Purkinje cells show two distinct forms of electrophysiological activity. Simple spikes occur when mossy fibers activate granule cell parallel fibers via amplitude-invariant, "all or nothing" action potential propagation. Simple spikes occur spontaneously at rates of 50 - 150/s. Complex spikes are large, amplitude variant (gradiant), plateau-potentials caused by climbing fiber activation, and involve the generation of calcium-mediated action potentials in the dendrites. During complex spike activity simple spikes are suppressed or washed-out by the powerful complex spike input. Purkinje cells show spontaneous electrophysiological activity in the form of bursts, which may be important for cerebellar function. Climbing fiber activation of the Purkinje cell can shift its activity from a quiet state to a spontaneously bursting state, and vice-versa, serving as a type of switch. Mossy fibers or mossy cells provide stimulation to inhibitory GABA interneurons in the hippocampus. ... Amplitude is a nonnegative scalar measure of a waves magnitude of oscillation, that is, magnitude of the maximum disturbance in the medium during one wave cycle. ...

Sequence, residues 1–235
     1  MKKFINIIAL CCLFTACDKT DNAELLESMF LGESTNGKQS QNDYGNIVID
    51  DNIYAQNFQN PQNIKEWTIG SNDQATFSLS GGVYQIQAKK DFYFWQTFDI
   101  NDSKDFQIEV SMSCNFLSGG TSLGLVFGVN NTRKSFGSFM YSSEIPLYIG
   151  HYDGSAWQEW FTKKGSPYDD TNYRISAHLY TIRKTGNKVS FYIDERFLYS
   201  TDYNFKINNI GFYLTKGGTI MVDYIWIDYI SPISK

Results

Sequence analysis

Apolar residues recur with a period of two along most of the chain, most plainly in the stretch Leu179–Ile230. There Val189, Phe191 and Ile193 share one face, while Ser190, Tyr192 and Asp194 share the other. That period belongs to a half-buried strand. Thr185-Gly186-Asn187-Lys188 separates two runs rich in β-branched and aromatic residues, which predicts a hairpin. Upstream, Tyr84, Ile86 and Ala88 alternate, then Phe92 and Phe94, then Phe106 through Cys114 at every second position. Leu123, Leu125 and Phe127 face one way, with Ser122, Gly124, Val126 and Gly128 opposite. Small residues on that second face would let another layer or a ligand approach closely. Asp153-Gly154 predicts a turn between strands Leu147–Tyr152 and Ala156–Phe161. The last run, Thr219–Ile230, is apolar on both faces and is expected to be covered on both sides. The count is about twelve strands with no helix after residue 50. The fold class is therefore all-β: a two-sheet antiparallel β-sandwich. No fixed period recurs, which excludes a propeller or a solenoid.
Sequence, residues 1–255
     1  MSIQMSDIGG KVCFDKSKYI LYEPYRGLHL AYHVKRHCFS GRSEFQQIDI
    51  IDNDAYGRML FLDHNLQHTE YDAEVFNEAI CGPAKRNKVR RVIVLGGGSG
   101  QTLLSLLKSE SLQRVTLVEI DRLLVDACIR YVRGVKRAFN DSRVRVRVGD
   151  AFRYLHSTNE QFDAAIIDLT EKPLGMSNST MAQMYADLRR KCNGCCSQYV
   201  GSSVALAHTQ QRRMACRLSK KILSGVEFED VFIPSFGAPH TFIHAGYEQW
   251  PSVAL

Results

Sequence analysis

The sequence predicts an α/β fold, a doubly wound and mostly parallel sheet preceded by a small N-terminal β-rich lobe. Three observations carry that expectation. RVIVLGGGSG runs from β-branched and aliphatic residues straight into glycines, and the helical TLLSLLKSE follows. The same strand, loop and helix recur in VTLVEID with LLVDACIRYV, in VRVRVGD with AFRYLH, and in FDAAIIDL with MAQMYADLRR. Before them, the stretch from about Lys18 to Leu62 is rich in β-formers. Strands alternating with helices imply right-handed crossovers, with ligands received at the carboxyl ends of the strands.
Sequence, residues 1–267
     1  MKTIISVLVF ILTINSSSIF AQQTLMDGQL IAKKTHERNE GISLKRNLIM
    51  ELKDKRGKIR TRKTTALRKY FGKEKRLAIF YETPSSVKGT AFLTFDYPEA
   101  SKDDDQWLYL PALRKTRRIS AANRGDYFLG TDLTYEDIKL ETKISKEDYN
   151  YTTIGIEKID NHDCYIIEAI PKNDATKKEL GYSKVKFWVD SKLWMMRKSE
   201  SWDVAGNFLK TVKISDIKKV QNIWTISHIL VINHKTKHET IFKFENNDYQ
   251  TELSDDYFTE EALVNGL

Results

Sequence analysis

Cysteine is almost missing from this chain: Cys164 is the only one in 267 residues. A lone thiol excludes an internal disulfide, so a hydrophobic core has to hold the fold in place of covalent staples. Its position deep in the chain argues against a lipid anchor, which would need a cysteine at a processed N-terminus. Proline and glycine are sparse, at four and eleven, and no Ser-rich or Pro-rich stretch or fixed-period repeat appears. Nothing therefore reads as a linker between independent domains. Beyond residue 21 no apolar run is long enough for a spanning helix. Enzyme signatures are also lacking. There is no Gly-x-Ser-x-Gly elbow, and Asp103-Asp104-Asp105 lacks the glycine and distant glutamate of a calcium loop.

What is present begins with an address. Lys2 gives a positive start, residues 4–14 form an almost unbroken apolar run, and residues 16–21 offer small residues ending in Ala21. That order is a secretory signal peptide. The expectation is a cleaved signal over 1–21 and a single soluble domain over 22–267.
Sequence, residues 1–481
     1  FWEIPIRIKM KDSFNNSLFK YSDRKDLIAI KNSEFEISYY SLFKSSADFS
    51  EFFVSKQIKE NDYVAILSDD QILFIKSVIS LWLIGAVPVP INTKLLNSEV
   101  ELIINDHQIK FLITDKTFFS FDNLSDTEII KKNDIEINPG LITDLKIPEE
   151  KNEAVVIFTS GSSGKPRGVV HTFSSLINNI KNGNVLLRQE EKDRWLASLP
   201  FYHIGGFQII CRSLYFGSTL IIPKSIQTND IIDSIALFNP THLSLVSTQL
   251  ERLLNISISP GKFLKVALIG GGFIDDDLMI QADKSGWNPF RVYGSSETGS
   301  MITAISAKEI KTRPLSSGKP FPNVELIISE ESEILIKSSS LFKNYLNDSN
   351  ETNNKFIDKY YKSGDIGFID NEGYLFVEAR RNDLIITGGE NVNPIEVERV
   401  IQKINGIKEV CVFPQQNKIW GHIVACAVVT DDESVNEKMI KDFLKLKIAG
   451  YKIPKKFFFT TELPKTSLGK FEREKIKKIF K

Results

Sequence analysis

Results from FactBites:
 
AND Corporation (495 words)
This is the principal cell of the cerebellum.
The Purkinje cell body is located in the Purkinje layer between the molecular layer and granule layers.
It is estimated that ~2 x 1E9 granule cells exist within the cerebellum, located in the deepest cortical layer of the cerebellum called the granular layer.
Purkinje cell (419 words)
These cells are some of the largest neurons in the brain, with an intricately elaborate dendritic arbor, characterized by a large number of dendritic spines.
Purkinje cells send inhibitory projections to the deep cerebellar nuclei, and constitute the sole output of all motor coordination in the cerebellar cortex.
Purkinje cells show spontaneous electrophysiological activity in the form of bursts, which may be important for cerebellar function.